How can you even try to answer this? Sherman is arguably at the beginning of one of the greatest careers for a cornerback in history. He might only get a couple of interceptions next season, but that doesn't mean he won't be more valuable.

And I highly doubt he'll only get a couple of interceptions.

Byron Maxwell

Snaps: +344

Interceptions: +4

Pass Deflections: +11

Tackles: +13

Assists: +1

Thrown At: +31

Completions Allowed: +18

Penalties: +4

Touchdowns Allowed: +2

Summary:

Sherman's impact should carry over directly to Maxwell. Assuming he starts opposite of Sherman for a full 16 games, which would mean another significant increase in snaps, the targets that aren't going in Sherman's direction will have to find their way somewhere.

Last season that meant they found their way into Maxwell's lap.

PFF graded him higher than Patrick Peterson and Joe Haden (which would be part of the reason why people don't trust the grades) and QBs had a passer rating of just 47.8 when throwing in Maxwell's direction. Only Sherman's passer rating against was lower.

What's next?

If Maxwell does a full season of work like he did in a partial season in 2013, he'll be getting paid mucho dinero by some team. I would be shocked if that team was the Seahawks, given their propensity for developing cornerback talent and their quickly-evaporating cap room for Pro Bowl players, but you never know. How players like Jeremy Lane and Tharold Simon develop will be very telling.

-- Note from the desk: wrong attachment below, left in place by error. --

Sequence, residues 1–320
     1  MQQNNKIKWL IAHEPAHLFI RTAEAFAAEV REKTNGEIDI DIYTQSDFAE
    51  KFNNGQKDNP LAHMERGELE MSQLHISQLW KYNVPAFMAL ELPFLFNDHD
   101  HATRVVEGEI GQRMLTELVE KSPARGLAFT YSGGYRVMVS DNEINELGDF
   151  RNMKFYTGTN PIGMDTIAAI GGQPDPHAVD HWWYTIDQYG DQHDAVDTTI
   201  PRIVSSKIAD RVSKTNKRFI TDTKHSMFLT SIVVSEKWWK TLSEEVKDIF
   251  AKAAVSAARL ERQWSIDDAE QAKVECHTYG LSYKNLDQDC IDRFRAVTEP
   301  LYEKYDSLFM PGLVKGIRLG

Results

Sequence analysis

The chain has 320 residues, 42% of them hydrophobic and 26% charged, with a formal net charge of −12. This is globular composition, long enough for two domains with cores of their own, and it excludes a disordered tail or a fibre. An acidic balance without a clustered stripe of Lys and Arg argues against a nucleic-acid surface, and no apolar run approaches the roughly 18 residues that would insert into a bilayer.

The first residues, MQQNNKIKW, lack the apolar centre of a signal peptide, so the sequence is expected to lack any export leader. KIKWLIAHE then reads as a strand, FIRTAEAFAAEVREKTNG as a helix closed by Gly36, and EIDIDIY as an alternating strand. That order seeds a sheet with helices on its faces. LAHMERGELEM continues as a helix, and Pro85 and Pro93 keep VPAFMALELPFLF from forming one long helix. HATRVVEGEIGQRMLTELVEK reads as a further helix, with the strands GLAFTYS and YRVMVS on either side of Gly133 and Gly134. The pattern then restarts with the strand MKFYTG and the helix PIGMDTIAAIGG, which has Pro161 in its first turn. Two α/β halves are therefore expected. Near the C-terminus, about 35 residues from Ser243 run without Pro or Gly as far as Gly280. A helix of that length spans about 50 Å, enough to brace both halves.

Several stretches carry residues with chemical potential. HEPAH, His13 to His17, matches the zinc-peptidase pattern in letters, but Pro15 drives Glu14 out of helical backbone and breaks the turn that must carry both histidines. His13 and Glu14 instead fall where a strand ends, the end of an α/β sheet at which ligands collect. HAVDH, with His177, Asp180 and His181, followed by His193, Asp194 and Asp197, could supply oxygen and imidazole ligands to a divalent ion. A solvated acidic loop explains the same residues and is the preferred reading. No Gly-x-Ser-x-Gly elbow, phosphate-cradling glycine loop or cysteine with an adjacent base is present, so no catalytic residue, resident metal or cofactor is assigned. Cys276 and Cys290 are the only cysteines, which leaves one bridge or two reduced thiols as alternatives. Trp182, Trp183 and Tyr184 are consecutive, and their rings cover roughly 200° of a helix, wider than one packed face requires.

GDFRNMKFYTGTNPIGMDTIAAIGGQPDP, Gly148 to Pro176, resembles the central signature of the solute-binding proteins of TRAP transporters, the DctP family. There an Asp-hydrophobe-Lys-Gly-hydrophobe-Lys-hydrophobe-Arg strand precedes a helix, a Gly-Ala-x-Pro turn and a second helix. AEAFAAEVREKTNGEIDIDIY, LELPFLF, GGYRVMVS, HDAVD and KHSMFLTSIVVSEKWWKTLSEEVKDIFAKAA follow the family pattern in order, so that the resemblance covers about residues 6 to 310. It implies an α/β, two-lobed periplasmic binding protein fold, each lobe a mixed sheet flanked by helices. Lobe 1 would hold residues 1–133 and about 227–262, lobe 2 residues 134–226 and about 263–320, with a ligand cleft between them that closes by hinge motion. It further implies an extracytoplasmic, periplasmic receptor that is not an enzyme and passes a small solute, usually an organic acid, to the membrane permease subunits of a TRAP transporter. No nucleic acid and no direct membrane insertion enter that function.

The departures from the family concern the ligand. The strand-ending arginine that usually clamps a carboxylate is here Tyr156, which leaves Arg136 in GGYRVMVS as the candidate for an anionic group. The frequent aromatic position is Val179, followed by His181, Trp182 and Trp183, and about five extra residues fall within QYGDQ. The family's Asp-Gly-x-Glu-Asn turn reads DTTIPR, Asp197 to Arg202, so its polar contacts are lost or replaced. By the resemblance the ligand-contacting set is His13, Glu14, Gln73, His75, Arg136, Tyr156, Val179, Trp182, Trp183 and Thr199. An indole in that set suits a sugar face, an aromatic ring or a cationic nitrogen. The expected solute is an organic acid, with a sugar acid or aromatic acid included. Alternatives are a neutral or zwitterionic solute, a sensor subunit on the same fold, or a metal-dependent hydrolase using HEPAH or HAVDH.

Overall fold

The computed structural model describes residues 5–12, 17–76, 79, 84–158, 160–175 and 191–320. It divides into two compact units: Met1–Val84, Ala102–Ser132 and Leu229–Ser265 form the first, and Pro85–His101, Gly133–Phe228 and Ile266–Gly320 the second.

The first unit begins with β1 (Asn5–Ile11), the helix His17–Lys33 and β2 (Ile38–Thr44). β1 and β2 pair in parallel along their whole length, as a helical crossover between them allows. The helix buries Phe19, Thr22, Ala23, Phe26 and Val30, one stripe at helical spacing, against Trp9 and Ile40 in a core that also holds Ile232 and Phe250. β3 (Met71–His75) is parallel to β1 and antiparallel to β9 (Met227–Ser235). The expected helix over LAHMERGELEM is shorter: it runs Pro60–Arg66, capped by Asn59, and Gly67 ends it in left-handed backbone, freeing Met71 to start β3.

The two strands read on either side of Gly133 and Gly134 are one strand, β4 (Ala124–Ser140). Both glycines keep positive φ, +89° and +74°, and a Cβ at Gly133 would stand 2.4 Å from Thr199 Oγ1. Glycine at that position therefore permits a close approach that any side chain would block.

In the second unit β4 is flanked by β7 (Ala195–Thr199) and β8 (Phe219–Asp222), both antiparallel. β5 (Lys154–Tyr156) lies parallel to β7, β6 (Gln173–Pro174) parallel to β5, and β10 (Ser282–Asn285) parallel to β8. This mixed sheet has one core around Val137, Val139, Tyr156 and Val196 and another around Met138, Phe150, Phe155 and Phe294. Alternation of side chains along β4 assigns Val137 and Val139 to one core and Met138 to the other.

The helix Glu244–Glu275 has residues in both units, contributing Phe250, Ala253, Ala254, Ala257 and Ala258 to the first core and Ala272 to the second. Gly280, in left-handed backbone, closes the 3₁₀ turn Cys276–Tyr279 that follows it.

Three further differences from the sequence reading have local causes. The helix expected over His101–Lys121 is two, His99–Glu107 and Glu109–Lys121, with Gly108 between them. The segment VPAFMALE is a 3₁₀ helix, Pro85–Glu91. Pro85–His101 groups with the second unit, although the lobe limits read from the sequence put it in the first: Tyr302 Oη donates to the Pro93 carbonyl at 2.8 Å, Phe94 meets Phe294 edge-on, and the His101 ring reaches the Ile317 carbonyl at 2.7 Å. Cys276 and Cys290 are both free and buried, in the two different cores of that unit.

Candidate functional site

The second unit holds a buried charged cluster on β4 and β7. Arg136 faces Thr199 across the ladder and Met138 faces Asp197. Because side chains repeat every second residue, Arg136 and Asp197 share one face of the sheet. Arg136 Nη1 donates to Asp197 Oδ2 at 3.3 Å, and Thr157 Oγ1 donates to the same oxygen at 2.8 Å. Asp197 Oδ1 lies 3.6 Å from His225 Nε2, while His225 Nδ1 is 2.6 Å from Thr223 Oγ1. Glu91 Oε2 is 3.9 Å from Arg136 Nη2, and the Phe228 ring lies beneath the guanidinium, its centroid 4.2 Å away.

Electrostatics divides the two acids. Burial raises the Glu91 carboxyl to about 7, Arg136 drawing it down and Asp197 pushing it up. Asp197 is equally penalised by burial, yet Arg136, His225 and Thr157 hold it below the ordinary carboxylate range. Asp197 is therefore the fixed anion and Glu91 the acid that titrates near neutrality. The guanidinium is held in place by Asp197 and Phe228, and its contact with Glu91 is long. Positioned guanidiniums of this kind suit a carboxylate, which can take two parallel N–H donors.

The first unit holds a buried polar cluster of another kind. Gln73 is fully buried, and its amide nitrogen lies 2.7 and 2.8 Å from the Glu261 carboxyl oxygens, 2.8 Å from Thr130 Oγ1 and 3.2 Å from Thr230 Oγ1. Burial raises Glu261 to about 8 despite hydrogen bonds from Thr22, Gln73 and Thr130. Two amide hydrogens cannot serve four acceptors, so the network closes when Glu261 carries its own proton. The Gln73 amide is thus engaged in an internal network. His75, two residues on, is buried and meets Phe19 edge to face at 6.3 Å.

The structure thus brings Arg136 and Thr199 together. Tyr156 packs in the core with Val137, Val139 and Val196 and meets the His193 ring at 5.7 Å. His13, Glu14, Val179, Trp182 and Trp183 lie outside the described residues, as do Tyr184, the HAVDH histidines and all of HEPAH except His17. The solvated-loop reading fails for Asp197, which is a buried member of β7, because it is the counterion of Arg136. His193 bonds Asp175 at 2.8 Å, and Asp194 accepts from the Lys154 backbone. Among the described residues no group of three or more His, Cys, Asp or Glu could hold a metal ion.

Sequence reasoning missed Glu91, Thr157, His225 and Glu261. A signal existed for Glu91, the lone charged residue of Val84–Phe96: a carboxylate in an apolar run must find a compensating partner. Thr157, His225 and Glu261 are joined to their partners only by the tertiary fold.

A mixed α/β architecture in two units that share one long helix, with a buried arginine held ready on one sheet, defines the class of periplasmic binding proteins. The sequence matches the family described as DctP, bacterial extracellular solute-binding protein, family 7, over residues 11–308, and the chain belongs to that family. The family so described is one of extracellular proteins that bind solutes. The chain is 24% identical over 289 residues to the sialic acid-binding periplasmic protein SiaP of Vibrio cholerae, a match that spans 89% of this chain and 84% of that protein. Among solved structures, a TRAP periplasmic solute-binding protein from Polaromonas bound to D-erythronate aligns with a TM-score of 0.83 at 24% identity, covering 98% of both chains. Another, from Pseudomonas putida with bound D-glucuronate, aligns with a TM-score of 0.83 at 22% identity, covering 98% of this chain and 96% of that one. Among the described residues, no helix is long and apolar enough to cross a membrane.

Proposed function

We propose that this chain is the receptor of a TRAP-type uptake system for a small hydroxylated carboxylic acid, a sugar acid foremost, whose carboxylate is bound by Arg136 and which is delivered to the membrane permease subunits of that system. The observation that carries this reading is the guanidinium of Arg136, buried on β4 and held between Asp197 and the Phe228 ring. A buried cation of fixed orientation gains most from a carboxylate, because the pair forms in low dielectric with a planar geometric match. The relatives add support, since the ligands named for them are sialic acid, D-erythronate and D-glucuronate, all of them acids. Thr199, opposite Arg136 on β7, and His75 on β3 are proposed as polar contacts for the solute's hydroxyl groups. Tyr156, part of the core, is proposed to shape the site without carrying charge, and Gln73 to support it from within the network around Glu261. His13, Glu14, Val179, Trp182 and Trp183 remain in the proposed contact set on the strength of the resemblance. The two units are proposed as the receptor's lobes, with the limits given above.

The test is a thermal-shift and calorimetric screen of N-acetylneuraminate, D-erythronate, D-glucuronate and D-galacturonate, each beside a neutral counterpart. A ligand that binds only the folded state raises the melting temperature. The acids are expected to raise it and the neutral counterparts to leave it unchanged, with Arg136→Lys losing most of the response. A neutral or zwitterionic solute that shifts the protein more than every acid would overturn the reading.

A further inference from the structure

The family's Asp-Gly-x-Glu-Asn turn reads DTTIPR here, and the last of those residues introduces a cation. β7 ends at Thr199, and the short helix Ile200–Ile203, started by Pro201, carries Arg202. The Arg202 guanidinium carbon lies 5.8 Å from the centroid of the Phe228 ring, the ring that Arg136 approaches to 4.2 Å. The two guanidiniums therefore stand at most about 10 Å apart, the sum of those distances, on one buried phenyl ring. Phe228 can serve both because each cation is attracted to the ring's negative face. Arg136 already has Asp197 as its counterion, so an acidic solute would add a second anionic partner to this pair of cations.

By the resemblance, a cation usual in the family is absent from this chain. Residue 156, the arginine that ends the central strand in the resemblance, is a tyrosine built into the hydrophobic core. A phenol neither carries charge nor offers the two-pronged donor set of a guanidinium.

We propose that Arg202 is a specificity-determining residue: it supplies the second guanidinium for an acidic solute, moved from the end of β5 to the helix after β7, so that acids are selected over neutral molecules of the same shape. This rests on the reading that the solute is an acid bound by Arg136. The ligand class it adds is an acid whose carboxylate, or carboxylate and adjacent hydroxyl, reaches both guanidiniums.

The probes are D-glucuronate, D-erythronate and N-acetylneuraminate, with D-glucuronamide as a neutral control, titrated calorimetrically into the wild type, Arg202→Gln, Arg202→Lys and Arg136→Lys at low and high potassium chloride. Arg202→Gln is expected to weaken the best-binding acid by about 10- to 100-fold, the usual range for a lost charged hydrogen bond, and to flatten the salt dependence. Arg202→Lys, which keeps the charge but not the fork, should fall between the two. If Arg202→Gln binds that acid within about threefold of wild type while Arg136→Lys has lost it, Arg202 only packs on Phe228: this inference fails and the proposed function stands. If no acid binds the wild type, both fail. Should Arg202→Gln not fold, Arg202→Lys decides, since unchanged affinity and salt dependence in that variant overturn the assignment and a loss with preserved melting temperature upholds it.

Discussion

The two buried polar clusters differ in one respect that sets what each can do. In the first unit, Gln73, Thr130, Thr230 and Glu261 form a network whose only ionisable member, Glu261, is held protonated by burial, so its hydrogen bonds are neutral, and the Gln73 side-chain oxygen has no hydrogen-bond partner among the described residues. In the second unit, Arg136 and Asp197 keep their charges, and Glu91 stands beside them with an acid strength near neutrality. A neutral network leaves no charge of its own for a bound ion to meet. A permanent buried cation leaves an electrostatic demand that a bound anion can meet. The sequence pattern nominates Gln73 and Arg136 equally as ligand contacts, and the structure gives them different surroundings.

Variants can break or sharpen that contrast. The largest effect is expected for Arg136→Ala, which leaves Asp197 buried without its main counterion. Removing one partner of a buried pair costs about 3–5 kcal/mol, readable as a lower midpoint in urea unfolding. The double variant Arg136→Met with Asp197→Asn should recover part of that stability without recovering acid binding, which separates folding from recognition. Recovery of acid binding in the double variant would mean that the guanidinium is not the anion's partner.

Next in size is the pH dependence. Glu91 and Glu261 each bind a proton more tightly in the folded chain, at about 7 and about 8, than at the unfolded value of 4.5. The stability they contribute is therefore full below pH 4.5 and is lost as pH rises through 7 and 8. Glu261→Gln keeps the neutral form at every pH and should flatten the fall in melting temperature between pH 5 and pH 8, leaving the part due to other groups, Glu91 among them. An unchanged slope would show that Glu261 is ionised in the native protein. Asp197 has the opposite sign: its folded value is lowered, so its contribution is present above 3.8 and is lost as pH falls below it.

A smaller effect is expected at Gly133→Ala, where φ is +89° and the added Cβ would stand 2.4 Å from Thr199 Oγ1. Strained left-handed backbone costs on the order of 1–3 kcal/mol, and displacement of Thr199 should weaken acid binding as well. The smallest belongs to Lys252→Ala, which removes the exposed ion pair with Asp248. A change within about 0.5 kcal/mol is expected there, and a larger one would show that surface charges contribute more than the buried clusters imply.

Maxwell wasn't much of a known quantity a year ago either.

Earl Thomas

Snaps: +43

Solo: +36

Assists: +3

Interceptions: +2

Pass Deflections: +2

Missed Tackles: -3

Stops: -4

Penalties: +3

Thrown At: -10

Completions Allowed: -8

Passer Rating Allowed: +18.3

Summary:

Some people might call him the "setup man" because of how his presence sets the table for the 10 guys in front of him, but you could also call him the "closer" on account of how he closes out games with his ridiculously-good arsenal of skills. He's a regular Napoleon Dynamite when you think about it.

Though 10 fewer passes came his way, he managed to finagle two more interceptions than he did a year ago. He had a career-high 78 solo tackles, and over 100 in total. He's the best safety in the game.

What's next?

He keeps being the best safety in the game. Don't ask for more.

Kam Chancellor

Snaps: +24

Solo: +11

Assists: +32

Interceptions: +3

Pass Deflections: +8

Missed Tackles: -1

Stops: +4

Penalties: +3

Thrown At: -8

Completions Allowed: -3

Pass Rating Allowed: -19.1

Summary:

And after nearly 3,000 exhausting words about all of those guys, we finally hit Chancellor, arguably the most improved defensive player in the NFL last season and the MVP of the Seahawks playoff run. (Did they really win the Super Bowl?)

Chancellor is becoming as deadly in coverage as he is when his shoulder hits you in the heart. Seattle's timing on his contract extension a year ago was impeccable.

What's next?

Unlike the front seven, there's no reason to expect much in the way of changes in the back four, other than Maxwell's increase in snaps. You could say that it's the best unit in football, the catalyst to the Seahawks championship, and the reason that they'll be the number one contender to take the crown again. Is there room for more improvement in the secondary next year? Always.

What could it mean?

I don't know, but I'm looking forward to finding out the difference.